Colombian towns run the gammut of the alphabet. Start with Anapoima or end with Zapatoca, there’s plenty of choice when deciding where to spend a weekend. There are well-covered destinations in most travel guides and whose names are synonymous with puentes – long weekends – such as the colonial Villa de Leyva, full of grace and charm, or Girardot nestled along the Magdalena River with its private clubs and retro hotels.
As Bogotá becomes more congested due to the thousands of cars circulating, the pollution and noise, the hardest part of getting away is leaving this capital of 8 million. Once you’ve made the decision to escape, plan accordingly: make sure your vehicle is road-worthy and your obligatory papers are in order. There are certain windows of opportunity when heading north on the Autopista Norte, west along the Calle 80 or southwest to the resort hotspots of La Mesa, Anapoima and Apulo, along the Calle 13.
When everyone settles down for lunch, I tend to hit the road. This gives me a small advantage when it comes to leaving the industrial belt of Bogotá. Give yourself an hour to reach the city’s limits, and remember that if you are cruising along highway concessions your toll ticket entitles you to free tow service should your clutch cable or fan belt suddenly tear. Technical obstacles aside, many of the popular getaways are scattered within a radius of 100 kms of greater Bogotá. If you decide to head towards other departments, such as Tolima, Boyacá or Santander, prepare for a more hours on the road and more cash spent on gas and tolls. There are wonderful weekend escapes on all the cardinal points of Colombia. This month, we highlight two worth getting to know
Once you’ve circumnavigated the capital of Boyacá, Tunja, and found the exit on the last roundabout to which points you towards Paipa, you enter a region of Colombia known for its cottage cheese and hot thermal springs. In the green vale which extends from Duitama to Sogamoso, every village holds on to a particular tradition. Puntalarga is dedicated to rustic wood carving, furniture making and casting bells in bronze.
By the side of the road you’ll see trunks, beds and chairs made in a colonial style. Given warm days and cold nights (bring a sweater), the hills nearby are ideal for growing grapes. Several wineries sell a Boyacá-grown Zinfandel and Chardonnay. Far from Sonoma, sleepy colonial towns such as the very picturesque Tibasosa contrast with a Tolkienesque landscape of smoldering calcite mills and the iron ore furnaces of Paz del Río.
Gateway to the highland lake of Tota, the onion fields of Aquitania, Sogamoso is an obligatory stop. There’s not much to do except tank up, buy some freshly-baked bread and chose one of the many chickens roasting in fire pits. From here, it’s all up hill. If you enjoy the poems of Dylan Thomas, you’ll feel at home as you ascend towards the coal-mining town of Tópaga.
Not much has changed during the centuries. The village church is a shrine to light and the illusion of wealth during the Spanish conquest. Thousands of small mirrors placed within the oak panel walls of the church to entice the local indigenous peoples to step in, still sparkle. The miniature mirrors have been preserved for five centuries, and during weekends the church is open for viewing.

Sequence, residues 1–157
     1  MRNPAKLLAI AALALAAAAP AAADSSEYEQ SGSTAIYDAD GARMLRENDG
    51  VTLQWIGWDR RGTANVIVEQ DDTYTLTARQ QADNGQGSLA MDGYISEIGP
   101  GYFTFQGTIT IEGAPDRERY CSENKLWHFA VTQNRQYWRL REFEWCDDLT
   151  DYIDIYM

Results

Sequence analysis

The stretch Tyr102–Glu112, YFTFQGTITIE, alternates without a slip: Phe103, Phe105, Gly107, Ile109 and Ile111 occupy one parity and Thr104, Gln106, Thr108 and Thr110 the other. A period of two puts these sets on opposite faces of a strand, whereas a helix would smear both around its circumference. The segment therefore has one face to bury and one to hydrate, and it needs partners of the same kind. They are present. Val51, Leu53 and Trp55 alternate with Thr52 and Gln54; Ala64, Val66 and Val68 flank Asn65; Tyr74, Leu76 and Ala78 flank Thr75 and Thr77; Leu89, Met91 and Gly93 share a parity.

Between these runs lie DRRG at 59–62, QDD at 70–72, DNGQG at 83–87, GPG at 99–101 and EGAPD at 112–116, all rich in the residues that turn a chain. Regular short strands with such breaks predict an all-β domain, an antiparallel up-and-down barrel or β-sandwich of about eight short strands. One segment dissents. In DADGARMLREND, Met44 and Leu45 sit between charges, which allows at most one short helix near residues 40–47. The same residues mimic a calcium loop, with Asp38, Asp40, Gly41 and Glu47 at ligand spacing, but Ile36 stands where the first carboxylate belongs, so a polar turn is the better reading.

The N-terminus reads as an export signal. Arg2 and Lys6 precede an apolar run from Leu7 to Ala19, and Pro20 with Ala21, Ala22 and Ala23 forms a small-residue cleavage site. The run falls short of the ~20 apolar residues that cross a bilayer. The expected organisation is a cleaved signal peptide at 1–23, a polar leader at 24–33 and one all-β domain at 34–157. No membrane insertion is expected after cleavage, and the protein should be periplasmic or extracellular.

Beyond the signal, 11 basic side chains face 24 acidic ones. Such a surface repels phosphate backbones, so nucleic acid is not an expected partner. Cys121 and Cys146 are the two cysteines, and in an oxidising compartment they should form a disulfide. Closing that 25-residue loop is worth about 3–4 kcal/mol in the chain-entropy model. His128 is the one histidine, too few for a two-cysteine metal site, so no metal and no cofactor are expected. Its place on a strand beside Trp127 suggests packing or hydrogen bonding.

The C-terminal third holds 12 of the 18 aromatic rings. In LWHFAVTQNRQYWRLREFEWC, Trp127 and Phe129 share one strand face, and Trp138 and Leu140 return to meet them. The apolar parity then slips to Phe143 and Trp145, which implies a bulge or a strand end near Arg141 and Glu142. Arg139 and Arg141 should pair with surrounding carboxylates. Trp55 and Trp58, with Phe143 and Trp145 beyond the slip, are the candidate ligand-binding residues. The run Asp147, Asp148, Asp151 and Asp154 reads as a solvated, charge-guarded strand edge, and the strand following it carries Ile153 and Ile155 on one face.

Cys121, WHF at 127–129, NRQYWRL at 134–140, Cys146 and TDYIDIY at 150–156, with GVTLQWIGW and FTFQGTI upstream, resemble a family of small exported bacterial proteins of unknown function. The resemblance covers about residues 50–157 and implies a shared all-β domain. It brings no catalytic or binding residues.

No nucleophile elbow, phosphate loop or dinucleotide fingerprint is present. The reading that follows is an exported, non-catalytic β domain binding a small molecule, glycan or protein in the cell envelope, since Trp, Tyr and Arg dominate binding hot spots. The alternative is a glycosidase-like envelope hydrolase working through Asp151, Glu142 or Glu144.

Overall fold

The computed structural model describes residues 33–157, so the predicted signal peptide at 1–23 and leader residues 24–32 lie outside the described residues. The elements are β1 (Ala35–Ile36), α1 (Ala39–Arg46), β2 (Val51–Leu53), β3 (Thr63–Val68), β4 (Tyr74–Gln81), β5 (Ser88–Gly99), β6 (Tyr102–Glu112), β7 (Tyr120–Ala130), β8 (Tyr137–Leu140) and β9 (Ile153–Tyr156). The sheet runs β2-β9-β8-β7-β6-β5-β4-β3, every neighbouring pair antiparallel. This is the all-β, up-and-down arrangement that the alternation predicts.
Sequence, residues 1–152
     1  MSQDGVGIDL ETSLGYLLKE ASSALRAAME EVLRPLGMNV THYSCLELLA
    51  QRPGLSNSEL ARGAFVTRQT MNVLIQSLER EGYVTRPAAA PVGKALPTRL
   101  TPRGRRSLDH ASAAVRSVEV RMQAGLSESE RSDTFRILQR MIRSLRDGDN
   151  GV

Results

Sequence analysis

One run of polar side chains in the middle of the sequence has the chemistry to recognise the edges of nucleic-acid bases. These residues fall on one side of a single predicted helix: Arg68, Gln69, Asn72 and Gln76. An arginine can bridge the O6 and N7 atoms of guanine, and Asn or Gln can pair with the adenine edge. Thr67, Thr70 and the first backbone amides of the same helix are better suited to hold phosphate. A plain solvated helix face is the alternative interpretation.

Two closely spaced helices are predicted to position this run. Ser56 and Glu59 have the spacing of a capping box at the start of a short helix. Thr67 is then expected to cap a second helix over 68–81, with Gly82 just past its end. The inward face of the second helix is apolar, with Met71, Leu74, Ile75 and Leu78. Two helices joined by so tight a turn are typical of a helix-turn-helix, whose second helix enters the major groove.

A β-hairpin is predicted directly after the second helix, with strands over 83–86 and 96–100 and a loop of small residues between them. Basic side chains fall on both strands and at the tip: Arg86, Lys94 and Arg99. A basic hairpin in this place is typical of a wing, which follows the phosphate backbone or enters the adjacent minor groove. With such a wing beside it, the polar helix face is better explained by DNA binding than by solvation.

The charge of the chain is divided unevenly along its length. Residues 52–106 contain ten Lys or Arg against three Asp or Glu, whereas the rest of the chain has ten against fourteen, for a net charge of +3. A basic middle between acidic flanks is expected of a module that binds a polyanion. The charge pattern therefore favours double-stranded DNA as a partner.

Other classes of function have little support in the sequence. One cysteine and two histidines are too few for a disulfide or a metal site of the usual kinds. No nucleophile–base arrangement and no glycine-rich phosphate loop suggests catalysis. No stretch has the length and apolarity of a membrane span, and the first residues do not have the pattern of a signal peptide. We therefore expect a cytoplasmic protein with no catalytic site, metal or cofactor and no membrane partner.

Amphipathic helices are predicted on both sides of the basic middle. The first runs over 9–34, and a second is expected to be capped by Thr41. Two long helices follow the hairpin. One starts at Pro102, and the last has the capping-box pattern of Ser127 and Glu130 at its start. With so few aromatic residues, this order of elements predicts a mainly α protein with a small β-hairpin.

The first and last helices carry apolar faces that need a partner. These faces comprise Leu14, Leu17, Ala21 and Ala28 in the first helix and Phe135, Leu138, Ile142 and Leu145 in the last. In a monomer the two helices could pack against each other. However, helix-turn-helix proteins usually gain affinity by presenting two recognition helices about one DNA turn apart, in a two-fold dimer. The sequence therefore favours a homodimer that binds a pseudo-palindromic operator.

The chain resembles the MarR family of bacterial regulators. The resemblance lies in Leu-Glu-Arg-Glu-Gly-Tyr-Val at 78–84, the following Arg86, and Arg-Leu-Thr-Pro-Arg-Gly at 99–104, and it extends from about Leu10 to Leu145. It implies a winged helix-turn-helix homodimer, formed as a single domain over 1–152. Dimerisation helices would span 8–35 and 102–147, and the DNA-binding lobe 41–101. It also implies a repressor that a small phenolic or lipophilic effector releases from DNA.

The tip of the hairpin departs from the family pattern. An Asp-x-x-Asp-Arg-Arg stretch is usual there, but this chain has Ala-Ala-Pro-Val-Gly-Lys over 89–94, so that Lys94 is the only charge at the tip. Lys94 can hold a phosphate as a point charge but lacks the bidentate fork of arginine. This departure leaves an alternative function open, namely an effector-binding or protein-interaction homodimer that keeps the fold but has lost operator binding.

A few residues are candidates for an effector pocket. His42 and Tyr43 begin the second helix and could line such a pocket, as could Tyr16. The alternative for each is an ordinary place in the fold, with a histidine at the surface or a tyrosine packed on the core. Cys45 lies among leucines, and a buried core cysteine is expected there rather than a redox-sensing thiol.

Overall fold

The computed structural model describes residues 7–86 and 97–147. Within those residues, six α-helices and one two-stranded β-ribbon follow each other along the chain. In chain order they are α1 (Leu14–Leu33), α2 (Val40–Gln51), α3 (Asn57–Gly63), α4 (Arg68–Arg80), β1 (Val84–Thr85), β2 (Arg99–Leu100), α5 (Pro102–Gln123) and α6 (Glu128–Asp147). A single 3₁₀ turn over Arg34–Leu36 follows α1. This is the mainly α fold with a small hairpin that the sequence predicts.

After visiting Topaga you should end your journey in Monguí. This beautiful town with one of the largest squares in the Americas, is the closest you’ll get to high Andes travel in Colombia. There are plenty of small hotels which organize horse riding trips and hiking, so it’s worth spending the day. As you sit down by a roaring fire, covered from neck to toe in wool, you’ll be in your right to: “Rage, rage, against the dying of the light.”
Once you’ve endured the three hours it takes from Bogotá to Villavicencio along the steep and busy highway, you arrive in the capital of Meta. From here, the sky’s the limit. The eastern plains, or Llanos orientales, extend across the northern continent to Venezuela, the Guyanas and Brazil. A few kilometers north of ‘Villao’ you enter ranch country and the Colombian equivalent of Route 66. Don’t expect roadside attractions or the chance to freshen up at the Bates Motel.
Between one petrol station and the next, you cross the Guayabero River and start seeing neatly-stacked pineapples by the side of the road. Large plantations of African palm extend towards the horizon and the landscape dries up, with watering holes and flowering acacia trees providing much needed relief and shade for the grazing horses and cattle. Restrepo – some thirty minutes northeast from Villao was an enclave of Liberal thought during the political violence of the 1940s.
Many of the houses are still painted in red and although tensions have subsided, few in the village dare challenge the current color scheme. Find a place with a pool to relax when the midday sun heats up. For those with a steady 4×4, it’s an easy drive to the heart of pineapple country, Barranca de Upía. With more horses than cars, and a cowboy on every corner, you are an extra in a Clint Eastwood flick. When the dust settles and you need something stronger than pineapple juice, head to Cumaral. This town has plenty of accommodation for travelers exploring the foothills of the cordillera and guarantees a magnificent view of the best Los Llanos has to offer: the setting sun.